Rosie, Parish Assistant at St Chrysostom’s, recently visited a local community gallery in an unusual setting (the photos are from it), she writes:
I am very much a member of what is becoming labelled “generation rent”. At University and since, I’ve done my fair share of shared, dark, squashed, damp, cold shoeboxes, and nightmare landlords who have no real respect for their tenants as human beings. I’ve also been fortunate to have reasonable housing.
Last week I visited, near Church, the Langdale Road Gallery a rented house turned into a gallery and arts project inspired by widespread and rapidly increasing difficulties for those trapped in the cycle of living in poorly managed rented accommodation, but being unable to pay higher rent for something reasonable, never mind save up for a deposit for a mortgage.
So what’s all the fuss about? Why should we care about this? Whether you are (or have been) affected by these issues or not, we still have a duty to care for those who are. Here are a few facts (source: Generation Rent) and my personal thoughts to get started…
Over 150,000 people in Manchester are renting. By 2021, this will make up 65% of the population. So a small number of people own the majority of property. Meanwhile, with an increasing population, the demand for accommodation is rising. However, some landlords get greedy, finding they can get away with charging way beyond what is fair (while spending as little as possible on maintenance etc). People need housing, so they have no choice but to pay whatever it costs… even if they cannot afford it. People are being forced into poverty.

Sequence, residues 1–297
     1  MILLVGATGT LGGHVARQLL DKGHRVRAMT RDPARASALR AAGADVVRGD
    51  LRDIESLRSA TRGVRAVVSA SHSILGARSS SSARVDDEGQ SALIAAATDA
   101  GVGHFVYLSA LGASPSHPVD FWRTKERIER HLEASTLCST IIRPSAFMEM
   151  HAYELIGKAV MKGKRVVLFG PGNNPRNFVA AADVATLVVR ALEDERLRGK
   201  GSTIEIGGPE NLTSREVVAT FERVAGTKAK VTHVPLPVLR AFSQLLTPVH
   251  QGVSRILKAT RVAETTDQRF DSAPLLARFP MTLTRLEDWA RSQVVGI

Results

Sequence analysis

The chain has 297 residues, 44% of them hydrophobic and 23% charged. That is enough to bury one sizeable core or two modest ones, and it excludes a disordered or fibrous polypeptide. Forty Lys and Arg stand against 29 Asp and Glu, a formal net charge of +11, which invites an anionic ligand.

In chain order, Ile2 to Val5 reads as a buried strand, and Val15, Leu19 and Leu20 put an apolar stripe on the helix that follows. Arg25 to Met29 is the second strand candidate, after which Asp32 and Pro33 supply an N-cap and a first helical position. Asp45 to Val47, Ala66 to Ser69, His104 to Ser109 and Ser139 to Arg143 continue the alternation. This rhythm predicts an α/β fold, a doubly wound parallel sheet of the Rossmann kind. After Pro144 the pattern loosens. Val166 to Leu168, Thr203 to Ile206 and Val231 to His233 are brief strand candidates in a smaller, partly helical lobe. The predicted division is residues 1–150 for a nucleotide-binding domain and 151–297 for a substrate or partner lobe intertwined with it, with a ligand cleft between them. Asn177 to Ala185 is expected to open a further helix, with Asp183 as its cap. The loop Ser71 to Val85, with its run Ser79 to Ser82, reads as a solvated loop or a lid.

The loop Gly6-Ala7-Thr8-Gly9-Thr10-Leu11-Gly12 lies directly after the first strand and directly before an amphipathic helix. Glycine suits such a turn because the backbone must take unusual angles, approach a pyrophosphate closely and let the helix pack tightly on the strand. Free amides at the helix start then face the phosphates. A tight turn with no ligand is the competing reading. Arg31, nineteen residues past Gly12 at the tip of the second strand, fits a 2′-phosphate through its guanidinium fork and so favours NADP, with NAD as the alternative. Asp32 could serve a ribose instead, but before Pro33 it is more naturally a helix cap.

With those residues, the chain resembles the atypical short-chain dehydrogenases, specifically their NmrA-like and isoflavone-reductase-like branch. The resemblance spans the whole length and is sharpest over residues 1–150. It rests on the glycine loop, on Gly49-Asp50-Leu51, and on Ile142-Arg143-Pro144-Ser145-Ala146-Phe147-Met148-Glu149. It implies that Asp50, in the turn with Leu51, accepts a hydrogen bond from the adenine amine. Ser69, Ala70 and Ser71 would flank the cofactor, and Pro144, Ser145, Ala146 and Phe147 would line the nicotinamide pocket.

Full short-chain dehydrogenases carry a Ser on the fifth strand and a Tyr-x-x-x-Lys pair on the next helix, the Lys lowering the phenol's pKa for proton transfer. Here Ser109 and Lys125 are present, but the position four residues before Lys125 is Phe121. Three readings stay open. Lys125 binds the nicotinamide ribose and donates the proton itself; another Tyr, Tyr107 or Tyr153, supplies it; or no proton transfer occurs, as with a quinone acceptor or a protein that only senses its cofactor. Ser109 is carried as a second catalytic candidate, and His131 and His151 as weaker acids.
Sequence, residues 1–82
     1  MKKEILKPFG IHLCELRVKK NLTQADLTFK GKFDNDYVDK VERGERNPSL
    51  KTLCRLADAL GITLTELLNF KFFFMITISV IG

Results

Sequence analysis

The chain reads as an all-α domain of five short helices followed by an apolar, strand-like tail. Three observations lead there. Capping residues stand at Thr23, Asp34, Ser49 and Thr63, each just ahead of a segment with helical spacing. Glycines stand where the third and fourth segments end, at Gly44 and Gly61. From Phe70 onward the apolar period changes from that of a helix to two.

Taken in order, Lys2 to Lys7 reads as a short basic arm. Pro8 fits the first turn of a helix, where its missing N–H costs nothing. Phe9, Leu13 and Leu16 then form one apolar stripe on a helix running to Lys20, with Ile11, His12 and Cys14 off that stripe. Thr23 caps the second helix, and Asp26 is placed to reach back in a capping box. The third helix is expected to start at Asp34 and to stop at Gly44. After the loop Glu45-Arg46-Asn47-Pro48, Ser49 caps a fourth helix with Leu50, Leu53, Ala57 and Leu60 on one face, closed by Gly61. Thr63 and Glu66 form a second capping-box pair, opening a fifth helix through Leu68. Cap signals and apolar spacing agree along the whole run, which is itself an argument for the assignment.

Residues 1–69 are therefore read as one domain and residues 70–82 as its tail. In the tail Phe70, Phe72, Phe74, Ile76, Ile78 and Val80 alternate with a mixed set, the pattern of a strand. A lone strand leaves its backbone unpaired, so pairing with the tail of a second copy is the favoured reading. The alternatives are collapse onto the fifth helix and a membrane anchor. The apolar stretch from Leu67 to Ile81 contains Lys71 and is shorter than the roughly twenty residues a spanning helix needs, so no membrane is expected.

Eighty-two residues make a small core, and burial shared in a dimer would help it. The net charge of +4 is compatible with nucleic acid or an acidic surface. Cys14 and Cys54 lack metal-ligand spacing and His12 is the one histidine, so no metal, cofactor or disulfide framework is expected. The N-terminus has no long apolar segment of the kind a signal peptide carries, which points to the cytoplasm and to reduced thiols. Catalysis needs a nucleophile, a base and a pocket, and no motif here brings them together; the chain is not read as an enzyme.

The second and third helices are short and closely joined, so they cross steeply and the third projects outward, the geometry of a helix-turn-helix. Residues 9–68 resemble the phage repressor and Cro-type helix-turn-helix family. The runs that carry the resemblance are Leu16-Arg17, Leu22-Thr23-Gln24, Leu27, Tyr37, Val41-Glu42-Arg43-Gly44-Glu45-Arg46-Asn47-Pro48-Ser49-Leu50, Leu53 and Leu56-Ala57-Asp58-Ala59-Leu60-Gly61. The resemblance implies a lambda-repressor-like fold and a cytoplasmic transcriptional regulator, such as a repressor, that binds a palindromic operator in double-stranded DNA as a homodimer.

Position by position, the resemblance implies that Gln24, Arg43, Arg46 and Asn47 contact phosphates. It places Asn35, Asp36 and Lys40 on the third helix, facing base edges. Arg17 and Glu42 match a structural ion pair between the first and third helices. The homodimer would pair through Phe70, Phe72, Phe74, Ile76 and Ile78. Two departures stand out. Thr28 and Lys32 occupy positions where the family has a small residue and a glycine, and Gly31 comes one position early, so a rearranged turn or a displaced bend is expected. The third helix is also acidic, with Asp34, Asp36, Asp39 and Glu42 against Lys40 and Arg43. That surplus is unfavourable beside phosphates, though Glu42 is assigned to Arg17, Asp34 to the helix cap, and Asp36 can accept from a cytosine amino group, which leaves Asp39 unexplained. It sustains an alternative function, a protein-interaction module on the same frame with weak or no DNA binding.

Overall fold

Rental prices are forecast to be rising more than twice as fast as incomes. 30-40% of tenants are having to cut back on food and heating, just to pay their rent. This simply doesn’t add up. How will ordinary people like you and me afford to rent a simple roof over our heads and live with the essentials? Is there any alternative?
It takes over 20 years for the average family to save for a deposit on a mortgage. Meanwhile if rental costs are increasing, this is situation going to get worse? Are we trapped?
Over 40% of homes fail to meet basic health and safety standards. If the cost of rent isn’t debilitating enough, the quality of accommodation is also a serious issue. Damp, infestation, overcrowding, structural faults… does this really sound like modern Britain? Apparently, and shockingly, yes for 40% of homes.
1) Wherever you live… Look closer at your neighbourhood. Try to get a real feel for communities living nearby – what is housing really like? Who lives there? How many people live in the building? Is it well kept? As you walk, pray for those people.
2) Join the campaign for affordable and reasonable living conditions, headed by Generation Rent Manchester. Nationally they work on issues including security of tenure, rent control, mandatory licensing of landlords and lettings agencies, working for increased local authority enforcement of existing housing related legislation.
3) Of course there are good landlords. If you are one, or you know one, share the good practice!